Michelangelo’s un­re­al­ized mar­ble dream comes true

Kuwait Times - - ANALYSIS -

In 1517, Michelangelo climbed Mount Altissimo in Tus­cany and found the mar­ble of his dreams. It was, the Re­nais­sance master wrote, “of com­pact grain, ho­mo­ge­neous, crys­talline, rem­i­nis­cent of sugar”. He deemed it per­haps even more precious than that from nearby Car­rara, where he had ob­tained mar­ble for some of his most fa­mous stat­ues. With the bless­ing of Pope Leo X, Michelangelo de­signed a path that could get blocks of the white mar­ble down from the moun­tain to be trans­ported to Florence to be used to dec­o­rate the fa­cade of the church of San Lorenzo.

In ex­change for get­ting a quarry oper­a­tion go­ing, Floren­tine au­thor­i­ties granted Michelangelo the right to take as much mar­ble as he wanted from Altissimo which in Ital­ian means both “most high” and “God” - for his use for the rest of his life. “There is enough here to ex­tract un­til Judg­ment Day,” he wrote to a con­tem­po­rary. But it was never to be.

Af­ter sev­eral years of work to carve out a road, Pope Leo, who was of Florence’s Medici fam­ily, relieved Michelangelo of his com­mis­sion and the project was aban­doned. The church of San Lorenzo still has no fa­cade. To­day, the quar­ries of 1,589-m-high Altissimo, in Italy’s Apuan Alps, buzz with the kind of ac­tiv­ity that even a ge­nius like Michelangelo prob­a­bly could not have fore­seen.

Mod­ern cut­ting and ex­trac­tion tech­niques have pro­duced a sur­real land­scape sim­i­lar to some Cu­bism paint­ings, a dizzy­ing ar­ray of up­side down stair­cases and sugar-cube struc­tures look­ing heav­en­ward. “The prim­i­tive tech­nol­ogy con­sisted of hu­man labour and beasts of bur­den,” said Franco Pierotti, direc­tor of ex­trac­tions. “The pri­mor­dial in­stru­ments such as levers, chis­els and ham­mers later evolved with the in­tro­duc­tion of he­li­cal wires in the 19th cen­tury and now we have di­a­mond-tipped wires and saws and heavy earth-mov­ing equip­ment,” he said.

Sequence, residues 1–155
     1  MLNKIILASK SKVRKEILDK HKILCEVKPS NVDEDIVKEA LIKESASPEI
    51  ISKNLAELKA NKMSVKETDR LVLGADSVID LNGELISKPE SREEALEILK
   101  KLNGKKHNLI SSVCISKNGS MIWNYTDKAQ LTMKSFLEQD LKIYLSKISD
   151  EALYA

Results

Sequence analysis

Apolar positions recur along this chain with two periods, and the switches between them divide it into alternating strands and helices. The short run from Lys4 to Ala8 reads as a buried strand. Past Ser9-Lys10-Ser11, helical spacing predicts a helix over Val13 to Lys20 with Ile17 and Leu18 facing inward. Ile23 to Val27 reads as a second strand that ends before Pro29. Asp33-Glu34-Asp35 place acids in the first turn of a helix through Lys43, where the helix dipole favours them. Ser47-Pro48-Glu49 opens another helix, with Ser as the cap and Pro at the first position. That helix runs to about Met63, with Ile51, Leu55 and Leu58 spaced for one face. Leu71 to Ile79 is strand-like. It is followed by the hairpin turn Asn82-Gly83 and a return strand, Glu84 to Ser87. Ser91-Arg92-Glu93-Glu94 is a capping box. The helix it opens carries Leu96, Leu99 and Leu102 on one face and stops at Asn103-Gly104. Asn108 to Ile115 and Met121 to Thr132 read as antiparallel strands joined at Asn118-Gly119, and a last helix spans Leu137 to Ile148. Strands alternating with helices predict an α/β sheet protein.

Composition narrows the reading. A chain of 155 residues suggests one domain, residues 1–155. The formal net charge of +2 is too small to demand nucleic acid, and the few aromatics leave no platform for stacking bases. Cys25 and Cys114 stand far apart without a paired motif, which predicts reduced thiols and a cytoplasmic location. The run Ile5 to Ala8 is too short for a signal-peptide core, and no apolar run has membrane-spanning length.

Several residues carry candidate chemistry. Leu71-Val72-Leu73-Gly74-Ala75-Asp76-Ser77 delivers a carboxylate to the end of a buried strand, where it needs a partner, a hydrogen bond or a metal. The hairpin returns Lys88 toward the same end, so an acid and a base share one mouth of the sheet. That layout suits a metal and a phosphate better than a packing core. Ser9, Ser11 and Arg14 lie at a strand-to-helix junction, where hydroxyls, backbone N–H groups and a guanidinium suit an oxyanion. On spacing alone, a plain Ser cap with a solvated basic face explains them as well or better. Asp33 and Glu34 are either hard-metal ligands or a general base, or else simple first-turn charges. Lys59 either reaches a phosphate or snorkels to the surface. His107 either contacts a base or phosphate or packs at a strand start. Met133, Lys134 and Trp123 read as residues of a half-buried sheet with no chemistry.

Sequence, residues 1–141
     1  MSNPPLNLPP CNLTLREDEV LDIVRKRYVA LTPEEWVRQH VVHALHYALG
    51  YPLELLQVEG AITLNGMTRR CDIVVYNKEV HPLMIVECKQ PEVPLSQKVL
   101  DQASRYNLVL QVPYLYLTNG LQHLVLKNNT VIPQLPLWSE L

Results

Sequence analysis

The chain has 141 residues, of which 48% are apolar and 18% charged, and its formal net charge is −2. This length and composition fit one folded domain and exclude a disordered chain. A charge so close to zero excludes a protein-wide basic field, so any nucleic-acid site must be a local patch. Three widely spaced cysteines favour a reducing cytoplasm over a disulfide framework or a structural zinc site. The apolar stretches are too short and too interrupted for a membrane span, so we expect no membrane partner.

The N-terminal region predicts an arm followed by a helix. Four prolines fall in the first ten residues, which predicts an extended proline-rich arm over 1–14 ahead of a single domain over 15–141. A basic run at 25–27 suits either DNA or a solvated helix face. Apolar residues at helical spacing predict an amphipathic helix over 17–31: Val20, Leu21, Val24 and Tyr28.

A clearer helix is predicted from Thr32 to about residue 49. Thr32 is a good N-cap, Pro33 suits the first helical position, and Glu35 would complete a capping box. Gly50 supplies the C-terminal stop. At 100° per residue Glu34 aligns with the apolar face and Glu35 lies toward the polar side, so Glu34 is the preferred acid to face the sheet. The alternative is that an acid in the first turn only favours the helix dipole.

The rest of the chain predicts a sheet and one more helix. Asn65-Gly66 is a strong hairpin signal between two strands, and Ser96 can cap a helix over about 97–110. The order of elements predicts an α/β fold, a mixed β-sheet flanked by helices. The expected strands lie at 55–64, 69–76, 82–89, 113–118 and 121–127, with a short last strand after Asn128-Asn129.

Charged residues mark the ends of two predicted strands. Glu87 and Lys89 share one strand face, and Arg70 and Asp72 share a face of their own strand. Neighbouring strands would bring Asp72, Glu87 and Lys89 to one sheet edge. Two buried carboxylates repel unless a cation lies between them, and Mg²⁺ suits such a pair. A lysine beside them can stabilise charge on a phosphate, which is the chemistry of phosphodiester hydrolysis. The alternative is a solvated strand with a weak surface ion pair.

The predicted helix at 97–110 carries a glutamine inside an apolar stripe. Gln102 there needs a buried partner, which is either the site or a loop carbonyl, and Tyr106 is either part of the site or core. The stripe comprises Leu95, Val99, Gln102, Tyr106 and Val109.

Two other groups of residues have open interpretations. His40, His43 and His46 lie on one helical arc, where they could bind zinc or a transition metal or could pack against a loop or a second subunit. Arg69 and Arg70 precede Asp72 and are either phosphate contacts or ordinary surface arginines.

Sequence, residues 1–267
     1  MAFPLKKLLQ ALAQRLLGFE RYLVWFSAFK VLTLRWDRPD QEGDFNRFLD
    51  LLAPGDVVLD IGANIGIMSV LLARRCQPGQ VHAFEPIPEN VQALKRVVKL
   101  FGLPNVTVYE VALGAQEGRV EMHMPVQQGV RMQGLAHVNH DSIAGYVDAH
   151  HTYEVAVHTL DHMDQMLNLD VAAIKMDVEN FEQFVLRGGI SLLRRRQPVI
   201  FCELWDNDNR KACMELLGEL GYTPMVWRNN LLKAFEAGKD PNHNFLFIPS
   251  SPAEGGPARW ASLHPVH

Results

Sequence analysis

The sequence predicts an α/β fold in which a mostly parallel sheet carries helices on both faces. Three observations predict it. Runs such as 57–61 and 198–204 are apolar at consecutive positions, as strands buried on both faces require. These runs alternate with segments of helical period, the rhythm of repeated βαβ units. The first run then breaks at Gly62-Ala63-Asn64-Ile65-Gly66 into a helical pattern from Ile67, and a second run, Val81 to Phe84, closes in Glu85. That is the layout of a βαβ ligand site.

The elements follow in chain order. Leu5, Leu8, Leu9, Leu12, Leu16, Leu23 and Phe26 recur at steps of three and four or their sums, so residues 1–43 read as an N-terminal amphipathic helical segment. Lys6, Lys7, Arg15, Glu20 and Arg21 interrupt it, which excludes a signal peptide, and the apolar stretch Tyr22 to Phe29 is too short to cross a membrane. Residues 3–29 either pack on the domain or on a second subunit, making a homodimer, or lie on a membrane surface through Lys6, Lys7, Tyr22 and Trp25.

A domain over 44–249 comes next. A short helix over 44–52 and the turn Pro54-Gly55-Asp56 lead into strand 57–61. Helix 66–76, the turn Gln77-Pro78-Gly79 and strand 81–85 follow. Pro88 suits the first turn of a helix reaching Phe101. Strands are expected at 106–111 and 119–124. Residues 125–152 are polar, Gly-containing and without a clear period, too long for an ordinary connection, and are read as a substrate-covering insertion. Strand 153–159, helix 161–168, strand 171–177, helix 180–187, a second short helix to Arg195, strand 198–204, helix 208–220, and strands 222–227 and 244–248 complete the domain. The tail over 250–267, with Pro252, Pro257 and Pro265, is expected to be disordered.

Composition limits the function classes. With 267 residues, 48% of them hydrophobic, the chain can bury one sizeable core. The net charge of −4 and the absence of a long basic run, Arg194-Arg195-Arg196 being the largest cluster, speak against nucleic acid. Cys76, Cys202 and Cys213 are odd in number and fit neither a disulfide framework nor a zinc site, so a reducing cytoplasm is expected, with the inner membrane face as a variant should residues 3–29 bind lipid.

Be­fore the ex­tract­ing be­gins, ex­perts known as “tec­chiaroli” hang on ropes from the sides of the moun­tain and pick at its sides with pointy iron bars to re­move loose rock that could fall and hurt work­ers in sub­se­quent phases of the ex­trac­tion. In the three cen­turies fol­low­ing Michelangelo’s time, the Altissimo quar­ries went through cy­cles of aban­don­ment and re-discovery.

In 1821, Marco Bor­rini, a lo­cal landowner, teamed up with French­man Jean Bap­tiste Alexan­dre Hen­raux to start a new com­pany and it has been ac­tive in the area ever since. The ven­ture brought new life to the eco­nom­i­cally de­pressed area, em­ploy­ing hun­dreds of quar­ry­men, squar­ers, sled men, stone cut­ters and cart driv­ers, who guided oxen trains. In the 19th cen­tury, the tsars of Rus­sia chose Altissimo mar­ble for the con­struc­tion of St Isaac’s Cathe­dral in St Peters­burg and more re­cently, it was used in the Sheikh Zayed Grand Mosque in Abu Dhabi, which opened in 2007.

To­day, the Hen­raux com­pany owns the en­tire moun­tain, em­ploys about 140 peo­ple and ex­tracts mar­ble from five ac­tive quar­ries. Over the years artists such as Au­guste Rodin, Henry Moore, Joan Miro and Isamu Noguchi have used Altissimo mar­ble for their sculp­tures. Michelangelo would be proud. —Reuters

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